Archive for July, 2010

Business Intelligence – An Oracle Future?

July 5, 2010

In ERP terms, there is little dispute that the big two, SAP and Oracle, basically have control of a very large part of the ERP market for medium and large scale organizations.

However in terms of Business Intelligence, the market has always been extremely competitive. Recently, quiet strategic moves by SAP and Oracle threaten that status quo. Possibly changing the landscape with a quiet, yet fundamental revolution.

There is a fundamental shift away from the concept of stand-alone data warehouses to the concept of embedding analytics into every day Business activities. Stand alone data warehouses are very much a 20th century view of the world. The new view is stand-alone yet fully integrated data warehouses to ERP, augmented with the 21st century concept of embedded analytics directly in your ERP Systems. This is a truly profound shift.

Both Oracle and SAP are now investing to this 21st century view. Both are turning what are, lets face it, pretty boring looking applications into stunning, state of the art applications. Both companies see Embedded Analytics in their respective ERP Suites as a strategic positioning of their products to gain market share. But this ain’t happening today, right? Wrong.

When Oracle released 12.1.2 (which is already out), this had in place rich container support, in OA Framework. This little gem should, in theory, allow you to put a fantastic Oracle BIEE Page directly into a transactional screen. Imagine the sales pitch you can give your users as you embed Business Analytics directly into your applications. Now this is not creating a simple link between BIEE and ERP or vice versa as you could previously do with Oracle BIEE/ERP – this allows you to create a custom transactional screen with half of it transactional and the other half analytics – ALL IN THE SAME SCREEN.

It’s an easy bet that Oracle Corporation will, with the release of 12.1.3 in 2010 (or a version in 2011), start to embed analytics directly in R12 itself. Why? Firstly it differentiates itself from boring, old ERP’s. Secondly it’s amazingly easy to write a BI Page with fantastic drill down, graphics, etc, reducing development and future maintenance costs. Lets face it, Embedded Analytics will be everywhere in your Oracle Applications.

Now when you look at the new Fusion Applications, and there’s not much info, but these are basically dashboards and ADF mix. Fusion Applications are built on Oracle Business Intelligence as a key foundation. Embedded Analytics is now viewed as essential to Operational work. You put in an invoice, your chart is there showing if the client has disputed invoices or other relevant info. Analytics at the fingertips of your basic frontline functions. Powerful stuff indeed.

So as an R11 or R12 Oracle ERP Customer where does this leave you?

If you haven’t upgraded to R12 (and your one of 95% of customers according to independent research that hasn’t) you have the opportunity to jump your competitors and move to Oracle BI embedded with R12.1.2. That’s a very interesting option to cut your costs in future for custom development, make support easier and make user acceptance of Oracle ERP a whole lot more easy.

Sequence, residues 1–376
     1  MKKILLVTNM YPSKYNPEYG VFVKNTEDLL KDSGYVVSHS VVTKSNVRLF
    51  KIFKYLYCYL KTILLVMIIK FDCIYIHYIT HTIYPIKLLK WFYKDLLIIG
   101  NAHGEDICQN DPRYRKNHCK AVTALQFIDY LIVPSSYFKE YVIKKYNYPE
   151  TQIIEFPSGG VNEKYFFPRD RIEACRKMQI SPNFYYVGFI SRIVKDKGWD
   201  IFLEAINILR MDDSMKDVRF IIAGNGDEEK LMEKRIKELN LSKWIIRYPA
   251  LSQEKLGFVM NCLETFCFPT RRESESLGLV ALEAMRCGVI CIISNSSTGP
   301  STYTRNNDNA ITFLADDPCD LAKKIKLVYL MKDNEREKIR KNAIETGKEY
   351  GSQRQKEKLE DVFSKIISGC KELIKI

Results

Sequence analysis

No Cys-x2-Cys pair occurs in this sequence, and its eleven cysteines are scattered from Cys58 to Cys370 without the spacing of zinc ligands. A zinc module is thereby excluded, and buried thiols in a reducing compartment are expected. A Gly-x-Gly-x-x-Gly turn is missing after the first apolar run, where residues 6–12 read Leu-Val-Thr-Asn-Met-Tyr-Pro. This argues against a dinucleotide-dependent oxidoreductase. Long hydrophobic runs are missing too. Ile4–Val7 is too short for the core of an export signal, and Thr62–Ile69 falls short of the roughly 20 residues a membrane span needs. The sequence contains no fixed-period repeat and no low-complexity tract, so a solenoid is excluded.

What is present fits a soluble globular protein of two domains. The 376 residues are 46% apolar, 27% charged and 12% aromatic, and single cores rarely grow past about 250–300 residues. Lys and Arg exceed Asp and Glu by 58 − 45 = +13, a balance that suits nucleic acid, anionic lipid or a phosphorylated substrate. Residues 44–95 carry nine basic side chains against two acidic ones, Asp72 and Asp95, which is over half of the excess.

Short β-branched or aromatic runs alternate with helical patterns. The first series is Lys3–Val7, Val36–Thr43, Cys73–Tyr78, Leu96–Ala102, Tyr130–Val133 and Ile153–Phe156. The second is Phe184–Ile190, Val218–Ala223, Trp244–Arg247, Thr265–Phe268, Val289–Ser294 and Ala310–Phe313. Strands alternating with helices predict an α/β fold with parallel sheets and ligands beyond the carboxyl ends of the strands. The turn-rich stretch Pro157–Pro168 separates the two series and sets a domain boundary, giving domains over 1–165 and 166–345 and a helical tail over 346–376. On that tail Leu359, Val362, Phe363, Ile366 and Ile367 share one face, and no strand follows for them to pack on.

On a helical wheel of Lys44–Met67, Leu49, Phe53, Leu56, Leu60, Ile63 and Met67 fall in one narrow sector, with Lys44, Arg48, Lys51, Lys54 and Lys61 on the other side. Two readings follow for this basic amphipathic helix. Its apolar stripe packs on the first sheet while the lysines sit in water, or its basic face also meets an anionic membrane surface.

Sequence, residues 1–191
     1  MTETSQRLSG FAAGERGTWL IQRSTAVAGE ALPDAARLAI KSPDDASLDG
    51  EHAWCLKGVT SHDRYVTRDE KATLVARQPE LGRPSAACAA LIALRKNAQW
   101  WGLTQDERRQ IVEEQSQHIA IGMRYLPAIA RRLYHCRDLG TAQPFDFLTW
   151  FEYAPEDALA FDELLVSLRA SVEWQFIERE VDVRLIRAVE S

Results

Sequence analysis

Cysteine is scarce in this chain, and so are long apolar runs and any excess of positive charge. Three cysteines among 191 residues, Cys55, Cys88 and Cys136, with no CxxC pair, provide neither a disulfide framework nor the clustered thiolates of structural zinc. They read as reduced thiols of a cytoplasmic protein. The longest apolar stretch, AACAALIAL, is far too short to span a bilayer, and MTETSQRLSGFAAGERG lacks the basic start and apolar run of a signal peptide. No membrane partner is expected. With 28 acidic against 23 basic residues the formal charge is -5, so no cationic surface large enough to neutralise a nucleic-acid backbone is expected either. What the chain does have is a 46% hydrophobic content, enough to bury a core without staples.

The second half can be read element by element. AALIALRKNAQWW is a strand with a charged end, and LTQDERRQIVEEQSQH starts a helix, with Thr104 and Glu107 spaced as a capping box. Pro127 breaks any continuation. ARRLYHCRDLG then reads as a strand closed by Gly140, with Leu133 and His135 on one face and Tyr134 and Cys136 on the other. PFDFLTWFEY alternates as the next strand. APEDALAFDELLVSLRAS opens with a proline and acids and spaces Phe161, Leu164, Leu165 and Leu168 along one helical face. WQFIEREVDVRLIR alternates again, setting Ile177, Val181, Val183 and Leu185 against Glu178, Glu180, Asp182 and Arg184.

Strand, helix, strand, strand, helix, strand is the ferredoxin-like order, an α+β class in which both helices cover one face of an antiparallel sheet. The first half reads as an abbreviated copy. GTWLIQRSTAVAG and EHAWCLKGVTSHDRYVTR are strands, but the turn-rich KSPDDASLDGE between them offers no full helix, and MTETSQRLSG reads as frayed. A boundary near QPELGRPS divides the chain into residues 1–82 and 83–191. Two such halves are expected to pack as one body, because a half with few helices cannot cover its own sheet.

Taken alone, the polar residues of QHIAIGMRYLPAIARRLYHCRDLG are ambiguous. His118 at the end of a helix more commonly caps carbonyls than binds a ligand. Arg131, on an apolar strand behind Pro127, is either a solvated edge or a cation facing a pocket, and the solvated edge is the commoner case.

More worrying if you are on a 3rd party Business Intelligence toolset, the writing is on the wall:

1. Oracle and SAP will embed their own analytics products directly into their applications. Now of course those companies will not “force” you to buy their BIEE Products, but well, if you want to change the screens in future, it’s looking likely you won’t have a choice. BIEE will become as essential as Oracle Forms or Java to Oracle ERP………..

2. If most large companies who use Oracle and SAP have to buy Oracle BIEE and SAP’s own product respectively, this ain’t going to be good for 3rd party BI products. Indeed Gartner expects an 8.5% migration from customers of one key BI vendor to other vendors. It’s easy to read between the lines of this argument……..

3. Gartner further states that due to the pure-play BI vendors weakness in the ERP market, this is going to hurt those particular vendors. Or to put it another way, with an aggressive and extremely smart policy from SAP and Oracle to embed their own products, 3rd party vendors are going to get squeezed. Imagine what this will do to the BI market – do you really want to be unaligned in terms of Business Intelligence with your ERP that supports your core business? That’s certainly a very dangerous, multi-million dollar Las Vegas style gamble.

4. As Oracle has now become, according to Gartner the clear leader in BI, the writing is very much on the wall. The Gartner research on this has been deep (and excellent as always) and reading between the lines, although Gartner never explicitly states it, has some pretty profound implications for organizations worldwide.

The full Gartner report can be found here and makes sobering reading for those planning a BI Strategy for the next 5-10 years.

Oracle has already recommended that a key step to Fusion Applications is to move to Oracle BIEE. It’s a great paper written by Nadia Bendjedou, Director of Product Strategy at Oracle Corporation that can be found at:

The picture will hopefully become clearer in Oracle Open World 2010, where everyone is waiting for Fusion Applications to be formally announced and hopefully available at the booths to test-drive.

Still don’t believe the prophecy? We’ll leave it to Larry Ellison, CEO of Oracle Corporation, to spell out the future, which we believe equally applies to R12 and Fusion. 

“You can’t use the system without using business intelligence,” Ellison said.

All we can say is you’d better be on the right Business Intelligence train…………